Hussey challenges Commerce's determination with respect to (1) the grouping of alloys in comparing "such and similar" merchandise, (2) the use of the London Metal Exchange prices in making the difference-in-merchandise adjustment, (3) consignment credit expenses in the home market, (4) inventory costs associated with Wieland's reserve stocks in the United States, (5) deduction of home market commissions, and (6) computer errors in computing inland freight insurance charges. Wieland challenges Commerce's determination with respect to (1) the denial of special adjustment for metal price fluctuations, (2) the use of best information available with respect to the "split-priced" sales, (3) adjustments for metal discount and early payment discount, (4) the use of best information available in imputing credit expenses for the U.S. and home market sales, (5) adjustments for certain physical differences in merchandise, (6) adjustment for differences in quantity sold, and (7) the resort to best information available with respect to merchandise further processed in the United States.

BACKGROUND

Commerce issued the antidumping duty order on brass sheet and strip from the Federal Republic of Germany on March 6, 1987, establishing the dumping margins for Wieland at 5.31%. 52 Fed.Reg. 6,997 (Dep't Comm.1987). Pursuant to 19 U.S.C. § 1675 (1988), Commerce conducted the first administrative review covering the period from August 22, 1986 through February 29, 1988. The preliminary results of the first administrative review were published on July 10, 1990, establishing the margins for Wieland at 7.94%. Brass Sheet and Strip From West Germany, 55 Fed.Reg. 28,264 (Dep't Comm.1990). The final results were published on November 27, 1991, changing the margins from 7.94% to 19.59%. Final Results, 56 Fed.Reg. 60,087. The margins were subsequently amended to 23.49%, based on corrections of certain clerical errors. Amendment to Final Results, 57 Fed.Reg. 276.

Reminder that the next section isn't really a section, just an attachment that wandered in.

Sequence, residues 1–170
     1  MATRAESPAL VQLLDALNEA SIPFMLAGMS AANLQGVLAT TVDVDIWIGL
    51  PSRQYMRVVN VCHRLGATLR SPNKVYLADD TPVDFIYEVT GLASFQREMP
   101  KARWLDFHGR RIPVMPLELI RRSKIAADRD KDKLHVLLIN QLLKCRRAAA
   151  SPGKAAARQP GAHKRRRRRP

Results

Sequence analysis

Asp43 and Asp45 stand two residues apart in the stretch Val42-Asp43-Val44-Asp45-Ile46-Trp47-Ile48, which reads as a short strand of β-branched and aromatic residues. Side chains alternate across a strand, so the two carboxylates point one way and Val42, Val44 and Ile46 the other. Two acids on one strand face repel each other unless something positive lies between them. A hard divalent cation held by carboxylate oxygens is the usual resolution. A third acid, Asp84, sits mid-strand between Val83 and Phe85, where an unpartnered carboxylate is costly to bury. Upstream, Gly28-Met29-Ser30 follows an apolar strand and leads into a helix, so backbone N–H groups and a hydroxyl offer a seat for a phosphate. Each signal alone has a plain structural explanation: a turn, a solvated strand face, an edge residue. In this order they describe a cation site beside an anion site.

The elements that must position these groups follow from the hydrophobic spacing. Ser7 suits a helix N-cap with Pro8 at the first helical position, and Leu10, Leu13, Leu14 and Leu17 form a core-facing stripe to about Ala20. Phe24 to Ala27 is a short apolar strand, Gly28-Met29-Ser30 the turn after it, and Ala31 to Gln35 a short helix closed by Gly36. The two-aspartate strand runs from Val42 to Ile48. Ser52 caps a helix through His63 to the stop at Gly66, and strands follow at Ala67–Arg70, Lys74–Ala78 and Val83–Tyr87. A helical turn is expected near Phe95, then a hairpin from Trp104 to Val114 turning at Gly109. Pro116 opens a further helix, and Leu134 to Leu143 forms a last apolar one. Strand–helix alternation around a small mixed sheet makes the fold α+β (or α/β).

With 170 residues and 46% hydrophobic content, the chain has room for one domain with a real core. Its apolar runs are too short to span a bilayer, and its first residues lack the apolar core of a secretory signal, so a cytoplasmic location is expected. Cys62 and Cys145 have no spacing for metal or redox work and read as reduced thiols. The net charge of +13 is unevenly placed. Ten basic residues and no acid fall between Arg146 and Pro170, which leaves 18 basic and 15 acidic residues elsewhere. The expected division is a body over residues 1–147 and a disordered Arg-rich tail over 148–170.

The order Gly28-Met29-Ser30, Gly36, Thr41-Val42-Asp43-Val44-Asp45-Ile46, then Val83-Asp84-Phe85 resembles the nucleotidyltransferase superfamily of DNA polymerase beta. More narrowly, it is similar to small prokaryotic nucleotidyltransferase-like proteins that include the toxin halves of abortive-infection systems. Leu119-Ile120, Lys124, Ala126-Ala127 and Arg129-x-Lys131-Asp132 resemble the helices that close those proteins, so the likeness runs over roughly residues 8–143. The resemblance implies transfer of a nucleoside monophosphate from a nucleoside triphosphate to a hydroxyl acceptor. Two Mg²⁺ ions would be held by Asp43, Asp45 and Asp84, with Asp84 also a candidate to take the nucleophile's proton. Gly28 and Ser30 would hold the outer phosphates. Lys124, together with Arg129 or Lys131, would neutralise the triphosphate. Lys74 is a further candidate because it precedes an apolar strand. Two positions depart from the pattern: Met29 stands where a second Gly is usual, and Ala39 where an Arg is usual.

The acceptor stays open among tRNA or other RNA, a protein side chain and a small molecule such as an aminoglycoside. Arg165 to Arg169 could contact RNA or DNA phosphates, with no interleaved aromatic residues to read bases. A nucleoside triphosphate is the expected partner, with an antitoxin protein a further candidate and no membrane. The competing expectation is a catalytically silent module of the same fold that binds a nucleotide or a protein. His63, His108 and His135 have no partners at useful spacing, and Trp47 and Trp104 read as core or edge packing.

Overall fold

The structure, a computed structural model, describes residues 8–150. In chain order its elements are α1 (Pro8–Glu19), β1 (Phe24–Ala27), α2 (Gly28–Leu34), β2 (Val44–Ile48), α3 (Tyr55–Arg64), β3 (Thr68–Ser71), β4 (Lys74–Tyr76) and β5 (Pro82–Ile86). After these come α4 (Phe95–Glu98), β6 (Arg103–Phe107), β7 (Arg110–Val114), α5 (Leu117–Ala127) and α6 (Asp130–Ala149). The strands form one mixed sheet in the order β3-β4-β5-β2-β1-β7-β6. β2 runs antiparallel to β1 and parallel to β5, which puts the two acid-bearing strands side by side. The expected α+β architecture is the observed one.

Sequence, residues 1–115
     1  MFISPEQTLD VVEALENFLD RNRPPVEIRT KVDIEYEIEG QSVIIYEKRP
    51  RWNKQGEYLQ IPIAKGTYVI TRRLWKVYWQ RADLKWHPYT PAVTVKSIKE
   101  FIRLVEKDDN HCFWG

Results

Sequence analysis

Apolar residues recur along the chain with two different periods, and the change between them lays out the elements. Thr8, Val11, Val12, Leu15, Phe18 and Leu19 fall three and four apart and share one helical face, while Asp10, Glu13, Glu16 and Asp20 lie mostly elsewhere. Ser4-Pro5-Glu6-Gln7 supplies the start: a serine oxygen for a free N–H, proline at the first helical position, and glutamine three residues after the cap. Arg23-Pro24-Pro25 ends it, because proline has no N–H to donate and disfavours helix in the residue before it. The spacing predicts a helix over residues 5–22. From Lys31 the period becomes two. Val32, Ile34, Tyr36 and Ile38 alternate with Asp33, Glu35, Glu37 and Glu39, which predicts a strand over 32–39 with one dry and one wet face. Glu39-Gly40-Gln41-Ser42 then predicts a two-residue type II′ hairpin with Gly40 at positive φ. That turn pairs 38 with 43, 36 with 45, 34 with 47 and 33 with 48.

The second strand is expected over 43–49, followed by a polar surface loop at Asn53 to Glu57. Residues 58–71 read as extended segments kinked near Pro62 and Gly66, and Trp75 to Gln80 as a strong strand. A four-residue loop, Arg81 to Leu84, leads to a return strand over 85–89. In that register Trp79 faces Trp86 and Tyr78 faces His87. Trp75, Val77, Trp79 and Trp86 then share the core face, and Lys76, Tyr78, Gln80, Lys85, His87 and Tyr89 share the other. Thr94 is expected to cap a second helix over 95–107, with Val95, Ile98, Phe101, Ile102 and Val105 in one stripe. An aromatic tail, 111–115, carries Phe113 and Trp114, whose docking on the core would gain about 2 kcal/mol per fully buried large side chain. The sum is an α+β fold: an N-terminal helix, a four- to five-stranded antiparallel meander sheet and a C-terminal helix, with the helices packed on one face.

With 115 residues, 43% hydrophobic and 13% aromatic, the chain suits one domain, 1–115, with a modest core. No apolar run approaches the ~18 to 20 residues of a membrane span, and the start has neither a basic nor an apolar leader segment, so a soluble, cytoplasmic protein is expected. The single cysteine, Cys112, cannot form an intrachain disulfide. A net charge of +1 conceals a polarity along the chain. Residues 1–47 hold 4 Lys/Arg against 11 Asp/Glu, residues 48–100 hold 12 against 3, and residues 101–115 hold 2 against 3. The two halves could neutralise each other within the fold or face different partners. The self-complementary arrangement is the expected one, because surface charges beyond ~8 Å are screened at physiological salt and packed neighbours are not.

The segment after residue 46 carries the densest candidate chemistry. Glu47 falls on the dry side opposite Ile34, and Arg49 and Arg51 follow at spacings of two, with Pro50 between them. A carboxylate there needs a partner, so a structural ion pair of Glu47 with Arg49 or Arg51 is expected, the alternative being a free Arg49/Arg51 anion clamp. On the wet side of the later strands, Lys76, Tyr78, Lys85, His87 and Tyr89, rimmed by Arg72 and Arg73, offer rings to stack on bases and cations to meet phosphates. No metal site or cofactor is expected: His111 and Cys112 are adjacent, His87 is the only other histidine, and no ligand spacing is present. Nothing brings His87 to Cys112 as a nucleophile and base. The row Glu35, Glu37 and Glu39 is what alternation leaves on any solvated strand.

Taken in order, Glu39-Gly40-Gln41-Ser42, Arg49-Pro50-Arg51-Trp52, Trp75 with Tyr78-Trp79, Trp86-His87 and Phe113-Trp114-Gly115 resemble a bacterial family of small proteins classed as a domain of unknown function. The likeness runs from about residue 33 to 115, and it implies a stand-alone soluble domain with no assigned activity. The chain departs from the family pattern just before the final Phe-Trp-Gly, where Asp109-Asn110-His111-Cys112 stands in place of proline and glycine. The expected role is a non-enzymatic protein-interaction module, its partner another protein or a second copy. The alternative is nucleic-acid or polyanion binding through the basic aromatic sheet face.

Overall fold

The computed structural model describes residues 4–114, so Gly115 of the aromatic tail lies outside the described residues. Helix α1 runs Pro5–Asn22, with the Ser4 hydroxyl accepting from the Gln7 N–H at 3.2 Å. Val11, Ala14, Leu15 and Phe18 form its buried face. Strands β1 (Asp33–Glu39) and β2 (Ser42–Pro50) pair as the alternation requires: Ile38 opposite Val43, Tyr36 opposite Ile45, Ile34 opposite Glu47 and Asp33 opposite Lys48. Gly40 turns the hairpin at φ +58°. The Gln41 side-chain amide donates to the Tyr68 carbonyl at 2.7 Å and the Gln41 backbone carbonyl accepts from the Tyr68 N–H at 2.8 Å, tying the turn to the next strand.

DISCUSSION

This court must uphold Commerce's final determination in an administrative review unless that determination is "unsupported by substantial evidence on the record, or otherwise not in accordance with law." 19 U.S.C.§ 1516a(b)(1)(B) (1988). Substantial evidence has been defined as "such relevant evidence as a reasonable mind might accept as adequate to support a conclusion." Universal